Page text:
How to Become a

Medical Interpreter

The complete career guide to be a Medical Interpreter: salary, job growth, employers, best schools, and education you may need to get started.

Why We Love It

  • $48,360
    Potential Avg. Salary
  • 28.7%
    Job Growth Rate
  • Growing Demand
    Job Outlook
  • Don't Take Work Home
    Career Attribute

Medical interpreters convert one spoken language to another in a health care setting, primarily medical centers or hospitals.

Recommended Schools

What is a Medical Interpreter?

Medical interpreters must be focused, detail oriented individuals with outstanding communication skills and a strong understanding of medical terms and practices. They have to be excellent listeners and be quick on their feet in order to keep pace with the speaker, and as the profession is inextricably intertwined with a diverse group of people, they generally must be tactful, possess solid interpersonal skills and have an excellent memory. Compensation is on par with median incomes in the United States. Medical interpreters tend to work full time during regular business hours, although nights and weekends are not uncommon.

In the course of their jobs, medical interpreters typically fulfill the following responsibilities:

  • Correctly and efficiently impart the meaning, tone and style of the original language
  • Relay spoken language (or sign language) with accuracy, speed and clarity
  • Take sentences, words or medical jargon in one language and convert into the equivalent in the target language
  • Take notes and create a database of medical terms to be used in future situations

Day In the Life

Medical interpreters provide language services to healthcare practitioners and patients with minimal and sometimes nonexistent English skills. The objective is to better facilitate communication between doctors and patients, nurses and family members and medical staff and the general public. A thorough knowledge of medical concepts and terms in both languages is absolutely imperative. Equally important is imparting the information with tact and empathy given the potential sensitivity of the information being shared. The best medical interpreters remain professional and detached in the face of heightened emotion, yet still sensitive and aware of the patients and families potential awkwardness, pain and discomfort.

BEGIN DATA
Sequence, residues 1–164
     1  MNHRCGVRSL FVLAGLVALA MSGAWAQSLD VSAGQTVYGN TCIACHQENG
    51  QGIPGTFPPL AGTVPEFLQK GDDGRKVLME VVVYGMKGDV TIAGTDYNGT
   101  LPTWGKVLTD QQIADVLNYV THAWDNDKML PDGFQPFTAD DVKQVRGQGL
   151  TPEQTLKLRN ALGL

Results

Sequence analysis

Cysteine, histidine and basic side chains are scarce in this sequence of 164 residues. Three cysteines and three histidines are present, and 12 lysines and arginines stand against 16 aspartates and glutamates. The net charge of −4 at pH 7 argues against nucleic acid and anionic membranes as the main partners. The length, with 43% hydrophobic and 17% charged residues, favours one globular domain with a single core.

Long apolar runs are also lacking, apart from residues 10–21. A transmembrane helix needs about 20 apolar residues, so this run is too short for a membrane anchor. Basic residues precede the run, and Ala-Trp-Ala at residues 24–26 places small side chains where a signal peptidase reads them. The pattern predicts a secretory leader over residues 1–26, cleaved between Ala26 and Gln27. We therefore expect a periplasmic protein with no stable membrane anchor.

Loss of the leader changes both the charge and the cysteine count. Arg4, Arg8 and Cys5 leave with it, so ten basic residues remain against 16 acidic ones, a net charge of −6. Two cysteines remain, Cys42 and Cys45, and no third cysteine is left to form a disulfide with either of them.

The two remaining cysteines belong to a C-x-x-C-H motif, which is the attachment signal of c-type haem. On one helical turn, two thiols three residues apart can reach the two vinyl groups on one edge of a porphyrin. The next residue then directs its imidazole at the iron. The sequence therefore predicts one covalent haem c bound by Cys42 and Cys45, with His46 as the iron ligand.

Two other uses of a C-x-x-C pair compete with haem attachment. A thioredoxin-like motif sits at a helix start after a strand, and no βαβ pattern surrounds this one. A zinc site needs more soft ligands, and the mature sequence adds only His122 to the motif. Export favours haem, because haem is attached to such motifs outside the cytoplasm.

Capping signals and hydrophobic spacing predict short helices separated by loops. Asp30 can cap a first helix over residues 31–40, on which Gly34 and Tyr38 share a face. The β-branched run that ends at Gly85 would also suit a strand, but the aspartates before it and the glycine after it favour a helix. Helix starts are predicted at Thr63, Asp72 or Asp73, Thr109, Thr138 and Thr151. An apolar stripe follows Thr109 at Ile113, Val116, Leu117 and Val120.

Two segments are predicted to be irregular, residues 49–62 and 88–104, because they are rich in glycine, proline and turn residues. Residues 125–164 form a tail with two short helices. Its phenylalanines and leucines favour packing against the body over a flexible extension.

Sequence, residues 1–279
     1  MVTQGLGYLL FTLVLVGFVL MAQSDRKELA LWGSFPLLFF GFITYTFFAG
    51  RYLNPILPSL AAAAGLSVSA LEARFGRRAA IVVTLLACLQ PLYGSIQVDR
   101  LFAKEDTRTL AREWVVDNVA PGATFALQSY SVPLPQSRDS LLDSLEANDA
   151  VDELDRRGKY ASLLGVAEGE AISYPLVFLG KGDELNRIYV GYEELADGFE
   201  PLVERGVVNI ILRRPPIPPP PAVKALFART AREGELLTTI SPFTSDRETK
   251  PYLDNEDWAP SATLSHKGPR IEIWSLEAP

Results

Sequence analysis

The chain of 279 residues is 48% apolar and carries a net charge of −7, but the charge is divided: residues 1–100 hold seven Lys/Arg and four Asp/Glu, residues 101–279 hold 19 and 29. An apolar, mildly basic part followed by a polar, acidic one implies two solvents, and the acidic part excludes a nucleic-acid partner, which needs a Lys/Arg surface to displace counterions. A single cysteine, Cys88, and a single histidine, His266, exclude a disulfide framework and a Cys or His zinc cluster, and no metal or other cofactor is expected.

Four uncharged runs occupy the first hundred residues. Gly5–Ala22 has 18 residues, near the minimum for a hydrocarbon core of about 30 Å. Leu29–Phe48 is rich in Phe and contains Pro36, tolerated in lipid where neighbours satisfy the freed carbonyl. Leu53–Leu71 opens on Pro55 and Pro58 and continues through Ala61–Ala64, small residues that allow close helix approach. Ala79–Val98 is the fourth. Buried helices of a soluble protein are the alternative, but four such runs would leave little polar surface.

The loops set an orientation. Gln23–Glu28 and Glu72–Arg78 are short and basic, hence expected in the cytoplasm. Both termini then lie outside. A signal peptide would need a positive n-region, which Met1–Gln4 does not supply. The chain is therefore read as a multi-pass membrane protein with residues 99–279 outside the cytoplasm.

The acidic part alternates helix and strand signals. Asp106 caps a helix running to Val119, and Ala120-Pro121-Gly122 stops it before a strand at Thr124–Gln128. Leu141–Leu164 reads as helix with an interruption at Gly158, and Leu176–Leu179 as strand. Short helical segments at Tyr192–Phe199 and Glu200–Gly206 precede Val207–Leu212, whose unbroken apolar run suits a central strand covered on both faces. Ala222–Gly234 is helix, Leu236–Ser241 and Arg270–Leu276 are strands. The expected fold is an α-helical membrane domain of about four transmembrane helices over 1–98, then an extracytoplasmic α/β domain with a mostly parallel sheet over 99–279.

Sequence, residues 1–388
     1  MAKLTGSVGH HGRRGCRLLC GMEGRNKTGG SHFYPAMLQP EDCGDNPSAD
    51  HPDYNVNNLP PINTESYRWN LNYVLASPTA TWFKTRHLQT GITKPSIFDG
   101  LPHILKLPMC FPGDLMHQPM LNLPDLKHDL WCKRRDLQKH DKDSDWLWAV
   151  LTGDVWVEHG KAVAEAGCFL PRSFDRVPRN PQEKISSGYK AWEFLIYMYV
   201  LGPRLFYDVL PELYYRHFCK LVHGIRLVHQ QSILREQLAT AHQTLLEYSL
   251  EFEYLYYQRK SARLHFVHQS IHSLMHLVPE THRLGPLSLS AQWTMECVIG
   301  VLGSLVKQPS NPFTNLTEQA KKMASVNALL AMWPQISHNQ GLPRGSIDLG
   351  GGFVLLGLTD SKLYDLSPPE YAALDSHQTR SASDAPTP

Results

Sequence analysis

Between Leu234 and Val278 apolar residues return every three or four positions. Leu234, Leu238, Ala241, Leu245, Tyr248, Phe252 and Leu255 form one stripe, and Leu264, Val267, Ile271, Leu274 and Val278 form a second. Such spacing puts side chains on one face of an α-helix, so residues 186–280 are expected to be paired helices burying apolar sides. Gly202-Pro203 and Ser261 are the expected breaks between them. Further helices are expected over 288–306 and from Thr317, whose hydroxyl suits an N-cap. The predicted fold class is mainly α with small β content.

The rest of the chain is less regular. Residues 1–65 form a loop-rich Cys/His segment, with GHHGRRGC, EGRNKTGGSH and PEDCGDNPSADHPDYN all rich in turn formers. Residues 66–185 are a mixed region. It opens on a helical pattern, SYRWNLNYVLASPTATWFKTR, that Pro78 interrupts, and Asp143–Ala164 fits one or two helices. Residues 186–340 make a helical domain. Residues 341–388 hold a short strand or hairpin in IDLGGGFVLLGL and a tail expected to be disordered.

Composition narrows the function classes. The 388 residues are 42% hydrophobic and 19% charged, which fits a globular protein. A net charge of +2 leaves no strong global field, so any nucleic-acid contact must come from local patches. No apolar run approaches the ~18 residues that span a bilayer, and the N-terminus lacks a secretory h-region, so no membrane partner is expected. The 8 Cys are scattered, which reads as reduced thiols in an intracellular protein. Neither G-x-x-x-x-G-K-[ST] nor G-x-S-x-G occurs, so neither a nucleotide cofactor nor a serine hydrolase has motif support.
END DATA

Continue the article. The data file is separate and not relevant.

Medical interpreters assist with communication by converting language, either verbally or in the case of sign language, visually, from one language into another. It is not uncommon for people to function as both translators (the written word) and interpreters at the same time, but within the purview of interpretation, it is strictly a ‘spoken’ communication at work. A medical interpreter functions to provide ease of communication between two or more parties in a medical setting as if it were in the original language of each party.

There are two common methods of interpreting – consecutive and simultaneous. The former involves interpreting the words of the speak only after they have spoken or signed a series of words or sentences. As one might imagine, notes are critical in this particular method. For the latter, the interpreter operates at the same he person is speaking or signing. This necessitates exceptional focus on the part of the interpreter, and as the difficulty level is quite high, teams will often operate, taking turns with breaks every hour or two.


Medical translators are in high demand and as such there are a myriad of potential employers. A typical destination might include working in a hospital, convalescent home, medical center or urgent care facility.